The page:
When the innovation lab had served its purpose, we dismantled it and reintegrated the team back into the core organization. We thought about it as similar to the way you gather goals together to get them hot for a barbecue, and then spread them out before you start cooking. The innovation lab was where we stoked the fire, and when we returned the lab team members to senior leadership roles in various parts of the “mothership” organization—product, marketing, sales, etc.—they evangelized PLG to the other functions. The lab team members had the religion, so to speak, so they were perfectly suited to convert the rest of the organization by helping them warm up to the idea.

The Takeaways: Commit, Be Patient, and Believe

When we started our PLG transformation, we were kind of fumbling our way through the process. We knew we needed to expand our market. We knew we wanted to go downmarket. But we also knew that we couldn’t jump directly from selling a $50,000 platform to selling a $49.99 single-user option. It was too big a leap for people to wrap their heads around.

The innovation lab strategy made it workable for us to explore the possibilities and opportunities in a thorough and efficient way that encouraged and harnessed innovation to help us come up with the best path forward. Our Brightidea Idea Box free trial has been running since spring 2021, and we’re really pleased with the results.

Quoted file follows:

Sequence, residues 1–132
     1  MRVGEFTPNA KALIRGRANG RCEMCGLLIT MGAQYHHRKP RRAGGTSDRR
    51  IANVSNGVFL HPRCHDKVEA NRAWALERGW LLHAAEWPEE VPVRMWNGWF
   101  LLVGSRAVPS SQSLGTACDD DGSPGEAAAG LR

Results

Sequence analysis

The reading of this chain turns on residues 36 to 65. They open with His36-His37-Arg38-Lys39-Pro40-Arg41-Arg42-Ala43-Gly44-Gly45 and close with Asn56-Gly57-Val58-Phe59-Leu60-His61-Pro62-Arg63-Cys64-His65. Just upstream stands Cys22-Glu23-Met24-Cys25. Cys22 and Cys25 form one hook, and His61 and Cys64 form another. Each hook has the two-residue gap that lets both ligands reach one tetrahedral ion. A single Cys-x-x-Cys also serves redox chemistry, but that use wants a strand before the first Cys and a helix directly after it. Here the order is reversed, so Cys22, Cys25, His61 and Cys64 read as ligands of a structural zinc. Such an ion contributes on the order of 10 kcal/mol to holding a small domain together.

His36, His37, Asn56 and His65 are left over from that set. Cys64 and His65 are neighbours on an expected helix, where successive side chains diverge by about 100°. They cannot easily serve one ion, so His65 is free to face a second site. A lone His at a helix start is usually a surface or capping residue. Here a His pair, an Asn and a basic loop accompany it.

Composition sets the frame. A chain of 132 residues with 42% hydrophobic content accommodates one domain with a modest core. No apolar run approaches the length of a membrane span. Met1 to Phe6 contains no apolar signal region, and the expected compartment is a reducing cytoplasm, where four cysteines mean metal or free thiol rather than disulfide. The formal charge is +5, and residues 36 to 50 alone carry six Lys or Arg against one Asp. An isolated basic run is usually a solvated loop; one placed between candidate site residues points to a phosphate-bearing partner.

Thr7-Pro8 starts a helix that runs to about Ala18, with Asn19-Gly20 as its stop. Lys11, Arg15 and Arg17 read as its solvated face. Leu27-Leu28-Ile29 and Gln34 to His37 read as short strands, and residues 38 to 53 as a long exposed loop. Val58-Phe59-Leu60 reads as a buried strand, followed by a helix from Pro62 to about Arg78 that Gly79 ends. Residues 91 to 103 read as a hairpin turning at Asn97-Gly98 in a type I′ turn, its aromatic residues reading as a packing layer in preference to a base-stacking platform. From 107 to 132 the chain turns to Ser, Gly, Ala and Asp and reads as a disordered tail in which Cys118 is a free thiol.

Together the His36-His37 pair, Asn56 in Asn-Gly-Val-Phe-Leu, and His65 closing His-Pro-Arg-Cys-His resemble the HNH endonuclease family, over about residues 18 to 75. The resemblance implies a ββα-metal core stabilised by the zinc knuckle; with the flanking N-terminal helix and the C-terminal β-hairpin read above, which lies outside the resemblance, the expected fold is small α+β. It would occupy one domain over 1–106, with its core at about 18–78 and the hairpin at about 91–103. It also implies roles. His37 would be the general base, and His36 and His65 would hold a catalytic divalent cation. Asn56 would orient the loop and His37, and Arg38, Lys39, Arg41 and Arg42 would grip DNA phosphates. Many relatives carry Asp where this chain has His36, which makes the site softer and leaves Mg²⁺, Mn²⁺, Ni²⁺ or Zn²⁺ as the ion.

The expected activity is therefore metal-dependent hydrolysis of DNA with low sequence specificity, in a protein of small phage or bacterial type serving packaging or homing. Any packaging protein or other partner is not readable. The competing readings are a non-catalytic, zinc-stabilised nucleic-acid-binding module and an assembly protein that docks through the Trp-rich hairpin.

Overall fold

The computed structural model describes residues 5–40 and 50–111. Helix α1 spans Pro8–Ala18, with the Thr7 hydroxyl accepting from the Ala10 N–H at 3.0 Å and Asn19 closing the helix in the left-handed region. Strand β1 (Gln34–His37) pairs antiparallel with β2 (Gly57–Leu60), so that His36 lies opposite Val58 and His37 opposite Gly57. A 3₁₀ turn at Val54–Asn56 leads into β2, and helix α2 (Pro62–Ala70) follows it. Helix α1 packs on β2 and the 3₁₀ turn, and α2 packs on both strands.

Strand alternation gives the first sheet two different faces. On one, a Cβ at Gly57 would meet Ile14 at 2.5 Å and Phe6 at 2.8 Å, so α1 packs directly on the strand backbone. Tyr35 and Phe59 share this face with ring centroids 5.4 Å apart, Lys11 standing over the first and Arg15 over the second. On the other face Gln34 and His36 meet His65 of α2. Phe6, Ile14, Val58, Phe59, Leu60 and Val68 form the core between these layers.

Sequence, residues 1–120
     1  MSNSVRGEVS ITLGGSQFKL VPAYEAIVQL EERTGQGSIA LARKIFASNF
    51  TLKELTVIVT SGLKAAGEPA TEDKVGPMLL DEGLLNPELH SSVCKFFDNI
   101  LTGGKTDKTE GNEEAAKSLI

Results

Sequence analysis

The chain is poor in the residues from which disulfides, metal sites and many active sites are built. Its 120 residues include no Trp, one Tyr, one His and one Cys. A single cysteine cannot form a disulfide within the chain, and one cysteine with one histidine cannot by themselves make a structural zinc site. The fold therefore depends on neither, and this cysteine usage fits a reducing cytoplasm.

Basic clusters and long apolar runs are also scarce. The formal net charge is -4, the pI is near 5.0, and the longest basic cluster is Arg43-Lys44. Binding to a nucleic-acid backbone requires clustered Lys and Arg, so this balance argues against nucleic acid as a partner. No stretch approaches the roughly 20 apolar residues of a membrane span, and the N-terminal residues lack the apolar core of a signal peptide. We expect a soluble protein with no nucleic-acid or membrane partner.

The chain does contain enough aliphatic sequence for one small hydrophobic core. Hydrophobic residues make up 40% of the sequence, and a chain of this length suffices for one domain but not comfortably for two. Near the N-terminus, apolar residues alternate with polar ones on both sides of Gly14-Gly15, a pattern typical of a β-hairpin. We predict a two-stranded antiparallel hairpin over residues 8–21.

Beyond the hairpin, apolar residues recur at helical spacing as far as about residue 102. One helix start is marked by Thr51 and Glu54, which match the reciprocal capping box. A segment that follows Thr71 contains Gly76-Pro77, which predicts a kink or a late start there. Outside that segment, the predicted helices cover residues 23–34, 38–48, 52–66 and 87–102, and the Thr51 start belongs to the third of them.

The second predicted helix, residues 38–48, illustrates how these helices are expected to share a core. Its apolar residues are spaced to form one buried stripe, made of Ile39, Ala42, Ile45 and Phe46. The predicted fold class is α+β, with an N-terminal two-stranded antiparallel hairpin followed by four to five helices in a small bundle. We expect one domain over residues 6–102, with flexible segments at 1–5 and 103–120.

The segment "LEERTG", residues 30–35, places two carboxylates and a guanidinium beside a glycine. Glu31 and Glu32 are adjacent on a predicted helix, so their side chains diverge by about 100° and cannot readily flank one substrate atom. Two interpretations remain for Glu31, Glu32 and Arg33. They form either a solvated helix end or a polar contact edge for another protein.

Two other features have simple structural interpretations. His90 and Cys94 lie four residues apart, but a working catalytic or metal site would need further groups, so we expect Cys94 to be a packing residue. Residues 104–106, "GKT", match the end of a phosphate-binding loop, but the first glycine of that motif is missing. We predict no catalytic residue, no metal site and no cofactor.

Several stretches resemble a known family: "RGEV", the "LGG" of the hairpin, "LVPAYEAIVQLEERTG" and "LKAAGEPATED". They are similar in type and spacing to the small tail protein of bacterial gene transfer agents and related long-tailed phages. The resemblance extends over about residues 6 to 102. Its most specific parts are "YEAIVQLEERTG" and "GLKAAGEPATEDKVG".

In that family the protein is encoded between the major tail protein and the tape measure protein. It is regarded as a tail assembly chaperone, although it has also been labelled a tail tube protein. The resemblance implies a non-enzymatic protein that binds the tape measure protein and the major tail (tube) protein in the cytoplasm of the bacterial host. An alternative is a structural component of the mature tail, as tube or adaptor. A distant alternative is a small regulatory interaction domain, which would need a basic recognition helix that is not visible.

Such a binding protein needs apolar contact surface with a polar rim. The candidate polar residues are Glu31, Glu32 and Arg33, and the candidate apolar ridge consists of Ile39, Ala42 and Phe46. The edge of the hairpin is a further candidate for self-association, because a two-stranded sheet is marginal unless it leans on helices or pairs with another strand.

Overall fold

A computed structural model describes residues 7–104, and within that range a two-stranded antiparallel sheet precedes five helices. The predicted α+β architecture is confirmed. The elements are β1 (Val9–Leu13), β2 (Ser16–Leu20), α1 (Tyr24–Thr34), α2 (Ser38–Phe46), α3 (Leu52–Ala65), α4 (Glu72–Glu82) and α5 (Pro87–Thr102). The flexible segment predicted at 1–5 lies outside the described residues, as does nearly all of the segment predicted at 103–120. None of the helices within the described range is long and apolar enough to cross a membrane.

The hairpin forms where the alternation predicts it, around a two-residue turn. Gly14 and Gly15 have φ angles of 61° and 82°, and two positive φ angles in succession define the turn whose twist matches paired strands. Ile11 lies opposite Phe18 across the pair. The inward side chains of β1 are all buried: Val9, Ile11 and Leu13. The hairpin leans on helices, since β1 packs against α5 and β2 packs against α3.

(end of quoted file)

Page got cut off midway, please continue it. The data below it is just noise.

At the end of the day, we realized that there were three crucial steps to our ultimate success:

  1. We committed fully. You have to just decide that you’re going for it, and burn the ships. You have to accept that the project is not going to pay for itself in three months while at the same time realizing that PLG is the way the world is going, and—if you don’t want to be obsolete—you have to do it. Even if you have to go into it a little blind, knowing the transformation is going to be brutal, you still need to just do it.
  2. We were patient. You have to accept that there will be setbacks. You’ll realize you don’t have the skills you need, or that the person you assigned to a particular job function can’t pull it off. You will need to adapt and evolve, but that’s all part of the process. It won’t happen overnight, and it won’t happen according to plan, but it will happen. 
  3. Believe you can get there. Remember that success is feasible. The journey will have its challenges, but you will overcome them. And, in the end, you’ll look back and realize how exciting, rewarding, and fun it was. You’ll learn a lot, and come out smarter and stronger in the end.

Finally, don’t forget to celebrate your success. Brightidea’s business is super complex. There were times we thought we weren’t going to get through to a working PLG strategy, so it was really important to celebrate our victories. After all, it’s pretty awesome to be able to make money in your sleep.

Matt founded Brightidea in 1999 with a vision to harness the reach of the internet to accelerate innovation. Greeley is a frequent speaker and writer on the topic of innovation and is largely credited with the concept that "innovation is too important to be left to chance."